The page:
The DBA Open is run each year here in Christchurch, New Zealand and comprises two tournaments. The first in July covers Ancient armies and another, usually in early December, covers Dark Age and Medieval armies. The scores of both tournaments are combined to determine the overall winner of the DBA Open.
Sunday found ten players participating in the Ancient Tournament. The theme allowed any army with a list date up to 450 AD to be fielded. Despite this the majority of armies were from a much more limited period. The tournament comprises five rounds each of one hour. Of the 25 games played only one ended as a draw, though several went down to the wire.
Above, Carthaginians deployed against Polybian Romans in the first round.
The armies selected provided an interesting mix. I believe five of the ten armies have not previously been used in DBA competitions by their owners, suggesting players are experimenting. Of the armies in use several had a solid corps of hoplites. A far cry from the days of DBA 2.2 when hoplites were infrequently seen. The Thebans with their two stands of 8Sp were unnerving to a number of opponents. One player reported facing a combination of combat factors and die roll that amounted to a 13. Not dissimilar to pikes, but without a sacrifice in frontage.
Two Roman armies were in play, the Polybian army above, and the later Marian Romans. Below, the Marian Roman right flank is soon to be under sustained attack by his opponent who has refused his own right.
The Successors were perhaps under represented with only the Seleucids in play. Interestingly the Seleucids were only one of two armies with elephants. Usually their a Classical Indian army in play but it’s normal commander seems to have ventured west and adopted a more classical army. The only other army having elephants one the day was one of the two Carthaginian armies. However, that with the dreaded pachyderms came in at a lower position than that without them.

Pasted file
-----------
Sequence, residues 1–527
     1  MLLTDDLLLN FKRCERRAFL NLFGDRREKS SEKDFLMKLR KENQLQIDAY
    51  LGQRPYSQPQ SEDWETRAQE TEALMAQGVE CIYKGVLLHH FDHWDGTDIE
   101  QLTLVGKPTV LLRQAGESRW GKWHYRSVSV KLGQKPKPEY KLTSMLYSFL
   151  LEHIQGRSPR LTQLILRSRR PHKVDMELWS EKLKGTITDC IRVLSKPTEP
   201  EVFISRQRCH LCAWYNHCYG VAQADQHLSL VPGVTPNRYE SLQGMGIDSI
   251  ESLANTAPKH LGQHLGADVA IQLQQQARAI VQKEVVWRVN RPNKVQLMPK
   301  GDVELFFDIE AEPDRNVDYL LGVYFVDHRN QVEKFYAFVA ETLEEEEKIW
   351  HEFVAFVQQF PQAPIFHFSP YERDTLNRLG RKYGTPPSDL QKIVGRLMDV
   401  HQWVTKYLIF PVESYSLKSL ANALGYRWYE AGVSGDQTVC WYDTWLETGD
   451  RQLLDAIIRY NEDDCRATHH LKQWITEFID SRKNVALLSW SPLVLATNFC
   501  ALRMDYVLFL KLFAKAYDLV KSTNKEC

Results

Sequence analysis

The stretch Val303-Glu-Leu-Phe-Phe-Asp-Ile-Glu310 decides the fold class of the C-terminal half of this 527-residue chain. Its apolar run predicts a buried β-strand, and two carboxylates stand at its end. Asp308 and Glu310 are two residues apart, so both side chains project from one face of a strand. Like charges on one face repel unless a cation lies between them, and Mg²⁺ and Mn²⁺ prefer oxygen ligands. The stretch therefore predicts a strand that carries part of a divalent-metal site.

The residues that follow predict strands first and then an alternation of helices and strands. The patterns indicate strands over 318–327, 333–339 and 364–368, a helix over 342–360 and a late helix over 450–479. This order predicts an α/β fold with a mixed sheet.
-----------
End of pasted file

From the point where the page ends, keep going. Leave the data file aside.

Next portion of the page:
Several armies were defined as being littoral and I understand a number of littoral landings took place, with sometimes mixed results. Greater than half the armies in play had a high aggression, that is an aggression of 3 or 4.
There were a few tactical discussions during and after the games. The Gallic player was able to boast of some success with his warbands. He opted for a foot heavy army, fielding only two mounted elements, which can be seen above. He also decided his commander would fight on foot in the front ranks. Apparently the Gallic host broke through several enemy formations of heavy foot, including a pike phalanx.
Above, Gallic Gaesati, mercenary Gauls and rated as 3Wb, advance from the woods in one game. They were pinned and engaged for some time against Carthaginian light troops in this game.
Above and below Polybian Romans face Thebans. Two stands of 8Sp can be seen in the centre of the Theban line, while Roman triarii can be seen forming a reserve behind Roman hastati and principes.
After five rounds the results were as follows:
- Gordon, II/19a Seleucid 320-280 BC, 46 pts (Countback)
- Keith, II/32a Later Carthaginian 275-202 BC, 46 pts
- Brian, I/50 Lydian 687-540 BC with I/52g Asiatic Greek Hoplite Allies, 43 pts
- Nathan, II/49 Marian Roman 105-25 BC, 29 pts
- Ben, II/11Gallic 400-225 BC (Telamon), 25 pts
- Mike, II/5k Spartan Overseas Expedition Agesilaus 396-394 BC, 25 pts
- Gus, II/5c Theban 448-278 BC, 24 pts
- Andrew, I/42 Neo Elamite 800-639 BC with I/44a Neo Babylonian Ally, 22 pts
- John, II/33 Polybian Roman 275-105 BC, 16 pts
- Jim, II/32a Later Carthaginian 275-202 BC, 15 pts
The winner of the DBA Open Ancient Tournament, Gordon, also received “The Phil Barker Cup” for his achievements. Well done on all counts.
The Society of Ancients supported the event by providing a DBA 3.0 measuring template. This was awarded to Nathan for achieving the highest score of the four players who have not previously played at the DBA Open. A particularly good result as Nathan had only recently completed his Marian Roman army.
Hopefully we will see you at Conquest, the next DBA event in Christchurch.